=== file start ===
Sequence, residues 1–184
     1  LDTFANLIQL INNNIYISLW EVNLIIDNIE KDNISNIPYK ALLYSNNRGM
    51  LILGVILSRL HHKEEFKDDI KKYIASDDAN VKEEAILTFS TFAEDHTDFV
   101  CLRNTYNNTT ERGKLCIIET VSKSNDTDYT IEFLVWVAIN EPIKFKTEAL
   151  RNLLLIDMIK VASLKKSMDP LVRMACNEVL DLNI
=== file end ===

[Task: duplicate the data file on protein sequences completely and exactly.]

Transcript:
Sequence, residues 1–184
     1  LDTFANLIQL INNNIYISLW EVNLIIDNIE KDNISNIPYK ALLYSNNRGM
    51  LILGVILSRL HHKEEFKDDI KKYIASDDAN VKEEAILTFS TFAEDHTDFV
   101  CLRNTYNNTT ERGKLCIIET VSKSNDTDYT IEFLVWVAIN EPIKFKTEAL
   151  RNLLLIDMIK VASLKKSMDP LVRMACNEVL DLNI